Battery life is a big problem for our small handheld devices.
It’s not just phones and wearables that greedily gobble power. Gadgets like medical implants, factory controllers and the antilock brakes in our cars all operate on limited energy budgets. All are examples of embedded systems, which, unlike general purpose computers, are designed to perform specific tasks.
An innovative strategy to reduce power usage by embedded systems while still maintaining acceptable levels of performance has earned Younghyun Kim, an assistant professor of electrical and computer engineering at the University of Wisconsin-Madison, a prestigious CAREER Award from the National Science Foundation.
Kim’s plan hinges on the notion that computers sometimes can be “too perfect,” which wastes resources.
“There are many scenarios, for example, in machine learning, where we don’t necessarily need precise results for intermediate computations,” says Kim. “So, can we reduce the precision and do more computing for the same amount of effort?”
Reducing precision is not itself a new idea—so-called “approximate computing” has been gaining traction in recent years as a strategy to speed up computers without adding new hardware as performance improvements have come up against the limits of advancements in semiconductor technology.
Approximate computing allows for a little bit of “fudge factor” in scenarios where an exact answer is not necessary, for example, in search engine results for open-ended questions with many possible answers. In some applications, just a 5-percent drop in accuracy can offer up to 50 times the energy savings compared to fully perfect computation.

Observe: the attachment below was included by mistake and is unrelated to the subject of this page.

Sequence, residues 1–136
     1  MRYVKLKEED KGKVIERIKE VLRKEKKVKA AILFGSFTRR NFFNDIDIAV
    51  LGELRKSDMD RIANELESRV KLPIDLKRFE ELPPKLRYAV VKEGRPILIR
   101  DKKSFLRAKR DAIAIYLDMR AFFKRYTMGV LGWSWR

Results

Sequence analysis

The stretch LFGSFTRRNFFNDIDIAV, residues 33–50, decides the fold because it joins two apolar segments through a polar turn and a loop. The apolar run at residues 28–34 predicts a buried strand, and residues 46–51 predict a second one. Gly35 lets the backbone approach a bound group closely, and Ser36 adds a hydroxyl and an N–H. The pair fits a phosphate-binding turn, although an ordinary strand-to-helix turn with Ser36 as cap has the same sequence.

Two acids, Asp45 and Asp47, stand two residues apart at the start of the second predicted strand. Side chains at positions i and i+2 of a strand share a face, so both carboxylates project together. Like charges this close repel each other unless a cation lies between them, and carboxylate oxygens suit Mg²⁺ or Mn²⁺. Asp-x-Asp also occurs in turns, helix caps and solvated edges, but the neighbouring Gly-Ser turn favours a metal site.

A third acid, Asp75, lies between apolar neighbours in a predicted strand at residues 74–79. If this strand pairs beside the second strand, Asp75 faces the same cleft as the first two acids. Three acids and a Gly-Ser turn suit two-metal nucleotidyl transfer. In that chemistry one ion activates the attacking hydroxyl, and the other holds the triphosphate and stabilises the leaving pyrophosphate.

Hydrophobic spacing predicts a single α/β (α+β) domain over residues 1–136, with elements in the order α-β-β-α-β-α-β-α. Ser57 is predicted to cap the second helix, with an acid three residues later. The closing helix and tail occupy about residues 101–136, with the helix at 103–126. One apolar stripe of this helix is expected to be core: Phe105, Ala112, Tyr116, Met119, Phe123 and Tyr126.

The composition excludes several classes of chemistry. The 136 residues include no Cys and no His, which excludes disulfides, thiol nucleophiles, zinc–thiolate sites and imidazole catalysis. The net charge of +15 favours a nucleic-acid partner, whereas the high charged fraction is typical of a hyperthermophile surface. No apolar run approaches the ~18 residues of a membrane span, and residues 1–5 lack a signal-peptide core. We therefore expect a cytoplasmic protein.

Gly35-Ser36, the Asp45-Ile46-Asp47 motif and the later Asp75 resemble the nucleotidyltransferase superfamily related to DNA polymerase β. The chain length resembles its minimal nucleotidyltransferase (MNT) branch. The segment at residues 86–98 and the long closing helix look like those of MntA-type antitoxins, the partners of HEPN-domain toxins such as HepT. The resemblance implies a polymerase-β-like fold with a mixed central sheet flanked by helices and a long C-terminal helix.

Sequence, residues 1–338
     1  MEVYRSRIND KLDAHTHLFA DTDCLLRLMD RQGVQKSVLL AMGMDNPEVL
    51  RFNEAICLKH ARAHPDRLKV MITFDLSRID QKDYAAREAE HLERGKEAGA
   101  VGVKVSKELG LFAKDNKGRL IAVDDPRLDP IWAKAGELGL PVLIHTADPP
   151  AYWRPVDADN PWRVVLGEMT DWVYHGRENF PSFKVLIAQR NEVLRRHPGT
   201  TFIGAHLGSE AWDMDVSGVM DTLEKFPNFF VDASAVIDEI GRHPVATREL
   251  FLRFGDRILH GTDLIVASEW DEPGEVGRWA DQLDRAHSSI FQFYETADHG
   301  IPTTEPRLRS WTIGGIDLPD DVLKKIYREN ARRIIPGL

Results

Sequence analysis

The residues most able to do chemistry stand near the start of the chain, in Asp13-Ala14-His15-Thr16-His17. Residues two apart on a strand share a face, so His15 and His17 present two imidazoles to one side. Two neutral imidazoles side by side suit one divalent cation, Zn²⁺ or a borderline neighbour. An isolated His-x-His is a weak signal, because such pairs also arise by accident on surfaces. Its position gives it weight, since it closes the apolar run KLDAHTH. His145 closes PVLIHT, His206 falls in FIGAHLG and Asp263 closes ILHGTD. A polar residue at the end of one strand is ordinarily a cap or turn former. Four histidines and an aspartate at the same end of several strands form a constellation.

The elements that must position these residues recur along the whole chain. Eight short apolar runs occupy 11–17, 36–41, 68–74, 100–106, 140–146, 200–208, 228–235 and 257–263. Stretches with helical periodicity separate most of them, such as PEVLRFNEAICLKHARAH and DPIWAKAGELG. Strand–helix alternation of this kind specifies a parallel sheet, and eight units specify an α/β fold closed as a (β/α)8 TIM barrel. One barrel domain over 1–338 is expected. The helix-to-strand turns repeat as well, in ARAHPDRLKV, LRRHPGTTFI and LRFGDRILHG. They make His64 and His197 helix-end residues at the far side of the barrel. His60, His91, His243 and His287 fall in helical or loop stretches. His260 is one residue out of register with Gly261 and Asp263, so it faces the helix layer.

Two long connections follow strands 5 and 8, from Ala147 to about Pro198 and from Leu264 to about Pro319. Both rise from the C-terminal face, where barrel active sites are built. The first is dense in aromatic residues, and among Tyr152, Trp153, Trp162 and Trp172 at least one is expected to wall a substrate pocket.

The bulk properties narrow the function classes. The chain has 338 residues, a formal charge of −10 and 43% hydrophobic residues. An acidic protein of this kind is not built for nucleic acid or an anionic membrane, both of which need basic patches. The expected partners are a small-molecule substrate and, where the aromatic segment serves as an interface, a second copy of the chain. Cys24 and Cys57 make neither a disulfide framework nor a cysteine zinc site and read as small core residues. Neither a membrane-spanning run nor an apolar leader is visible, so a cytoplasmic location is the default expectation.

Most engineers apply approximate computing to a rather limited set of hardware, namely, only the processor cores that do the actual computing.
But embedded systems usually consist of several components working together, such as sensors and actuators and communication interfaces in addition to the central computing core.
“In embedded systems, computation is not the only major power consumer,” he says. “System components such as memory or devices like cameras and displays also consume a lot of power. Focusing on computation and ignoring the other parts isn’t a valid approach.”
Kim plans to deploy approximation across entire embedded systems, from computation to memory to output.
It’s relatively uncharted territory, and it’s not so simple as simply combining several individual components, each with slightly reduced precision. The effects of approximation on a whole embedded system might very well be greater than the sum of its slight less precise parts.
“Data flows from one component to another,” says Kim. “How the approximate data is transferred and what’s the implication to the overall quality is not well studied.”
That’s why Kim will take a holistic approach, first considering the effects of approximation on individual components, and then developing automated design tools to tweak precision across entire embedded systems.
“You can’t just brute force design the system,” says Kim. “We need a tool or a methodology to maximize energy efficiency and quality.” For example—reducing screen brightness is an approximation that could help save power, but if the data feed going into the screen is excessively imprecise, the resulting image might be incomprehensible.
Importantly, Kim’s modeling places the considerations of the eventual human users of embedded systems front and center.
“Human perception is not perfect and it tolerates error,” says Kim. “We’re including humans in our modeling to determine how approximation affects human perceptions, so we can generate the optimal system.”
Author: Sam Million-Weaver